A recent poll reveals that most Americans aren't paying attention to 'Rove-gate' because the story is boring and hard to follow, and say that they would be more interested in the CIA leak probe if it involved celebrities. As to the relationship between Karl Rove and President Bush, a majority of Americans says that the long-time companions should not be allowed to marry but should enjoy many of the rights afforded to married couples.
Americans sharply divided on whether missing teen in Aruba or return of Harry Potter is more important than 'Rove-gate'
By Deanna Swift
WASHINGTON, DC—A weekend poll reveals that most Americans are not paying attention to the CIA leak probe known as 'Rove-gate' because the story is "boring" and "hard to follow." A majority of those surveyed indicated that they would be more likely to follow the story of Karl Rove, Joseph Wilson and former CIA operative Valerie Plame if it involved celebrities.
The poll comes on the heels of a steady drumbeat of news reports regarding the leak of the name of Mrs. Wilson, nee Plame back in 2002, part of a long, confusingly plotted investigation that has won over critics while faring poorly at the box office.
Name that right hand man
The poll, based on 2,130 telephone interviews conducted between Friday and Sunday found that fewer than 10% of Americans could identify either the main plot or any of the major players currently starring in 'Rove-gate.'
Forty-three percent believed that Karl Rove was a classmate of Harry Potter's at Hogwarts, while 22% said that he is currently in jail in Aruba, a suspect in the disappearance of 18-year-old Natalie Holloway. A scant 8% named Mr. Rove as the Ethiopian infant recently adopted by actress Angelina Jolie.
A replacement for Rove?
But while Americans are united in their disinterest in the story, they are sharply divided when it comes to deciding which celebrities would make 'Rove-gate' more exciting. Forty-eight percent of those surveyed said that they would be more likely to follow the saga of former Ambassador Joseph Wilson and his spy-ette wife, Valerie Plame, if the two were played by actors Brad Pitt and Angelina Jolie. Thirty-six percent of respondents said they thought the tale of White House intrigue would fare better if it starred Rene Russo and Pierce Brosnan in a reprise of the 1999 hit caper "The Thomas Crown Affair."
Finally, 9 percent of those polled had no opinion on who should play Mr. Rove or Mr. Wilson but thought that current Hollywood 'it' girl Lindsay Lohan should be cast as either Ms. Plame, jailed New York Times reporter Judith Miller or syndicated columnist Robert Novak.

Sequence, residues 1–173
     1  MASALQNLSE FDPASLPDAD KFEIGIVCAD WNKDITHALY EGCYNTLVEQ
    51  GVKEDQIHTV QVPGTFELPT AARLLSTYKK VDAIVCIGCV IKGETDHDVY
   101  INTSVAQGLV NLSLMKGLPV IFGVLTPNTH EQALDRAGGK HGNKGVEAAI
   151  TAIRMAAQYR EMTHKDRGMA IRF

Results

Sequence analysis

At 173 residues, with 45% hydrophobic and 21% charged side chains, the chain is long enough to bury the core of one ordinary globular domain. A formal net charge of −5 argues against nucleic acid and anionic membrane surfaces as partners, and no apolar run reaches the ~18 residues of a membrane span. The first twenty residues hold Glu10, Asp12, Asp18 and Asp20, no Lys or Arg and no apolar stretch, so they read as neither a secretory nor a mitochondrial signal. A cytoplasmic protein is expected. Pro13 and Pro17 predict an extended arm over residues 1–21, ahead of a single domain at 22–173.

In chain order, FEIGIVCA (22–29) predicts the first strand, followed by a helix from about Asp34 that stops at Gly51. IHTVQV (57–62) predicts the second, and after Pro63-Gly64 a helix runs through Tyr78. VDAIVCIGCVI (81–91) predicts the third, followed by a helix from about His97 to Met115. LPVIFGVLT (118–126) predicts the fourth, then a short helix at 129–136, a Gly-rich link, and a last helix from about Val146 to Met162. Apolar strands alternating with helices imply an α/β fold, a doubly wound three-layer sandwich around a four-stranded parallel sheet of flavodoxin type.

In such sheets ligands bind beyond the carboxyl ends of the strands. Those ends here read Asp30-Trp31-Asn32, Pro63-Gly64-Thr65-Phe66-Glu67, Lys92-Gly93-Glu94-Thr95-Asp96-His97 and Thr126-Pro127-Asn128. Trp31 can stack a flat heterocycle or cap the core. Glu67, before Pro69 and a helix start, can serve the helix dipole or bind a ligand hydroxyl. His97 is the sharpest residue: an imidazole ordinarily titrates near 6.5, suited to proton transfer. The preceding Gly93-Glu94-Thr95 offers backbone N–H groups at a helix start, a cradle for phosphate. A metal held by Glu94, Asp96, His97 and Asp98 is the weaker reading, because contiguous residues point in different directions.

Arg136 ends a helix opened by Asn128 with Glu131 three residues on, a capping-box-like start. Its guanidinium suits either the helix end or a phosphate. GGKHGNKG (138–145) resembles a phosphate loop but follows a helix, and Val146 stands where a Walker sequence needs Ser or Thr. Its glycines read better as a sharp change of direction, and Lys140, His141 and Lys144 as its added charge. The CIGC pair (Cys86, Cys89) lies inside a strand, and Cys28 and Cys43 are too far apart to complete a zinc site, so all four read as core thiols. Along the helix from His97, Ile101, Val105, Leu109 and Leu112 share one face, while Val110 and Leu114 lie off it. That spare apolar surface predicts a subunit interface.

The results of the poll also reveal that the relationship between President Bush and Mr. Rove, widely regarded as being among the closest of Mr. Bush's companions, continues to be controversial. Fifty-one percent of those surveyed do not think that President Bush and Mr. Rove should be allowed to marry, despite the fact that the two have been together for almost 30 years, since the two were set up by Mr. Bush's father, the first President Bush. But some 63% of respondents would like to see the long-time companions have the same benefits enjoyed by married couples, including health, wealth and sexual fulfillment.
Finally, twenty-two percent of those polled said that they would like to see Mr. Bush and Mr. Rove adopt a baby from either Cambodia or Ethiopia. That's good news for the duo; neither of those countries requires that individuals be married in order to adopt orphans there.
How this poll was conducted
Samples for Polltronics polls are random digit samples of telephone numbers selected using the "probability proportionate to size" method, which means numbers from across the country are selected in proportion to the number of voters in each state. Individuals who did not answer their phones were assumed to be watching a television show about celebrities more interesting than Mr. Rove, Ms. Plame and Mr. Wilson, in the midst of a conversation about celebrities or boning up on celebrity gossip for a future conversation.
In order to ensure a distribution of ages and genders within households, the interviewer selects the respondent by asking to speak to the adult with the next birthday. Quotas are applied to ensure the sample mirrors the proportions of voters nationally. Specifically, the aim is for a gender split nationwide of 53% female / 47% male, as well as regional quotas.
The RDD selected phone numbers are sent to the interviewers through computer-assisted telephone interviewing (CATI) software. Both the software and human supervisors monitor each step of the interviewing process. While calls are automatically dialed, the system does not use predictive dialing so prospective respondents always find a live interviewer when they answer their phone.
What other stories aren't worth paying attention to? Talk back to Deanna Swift at firstname.lastname@example.org.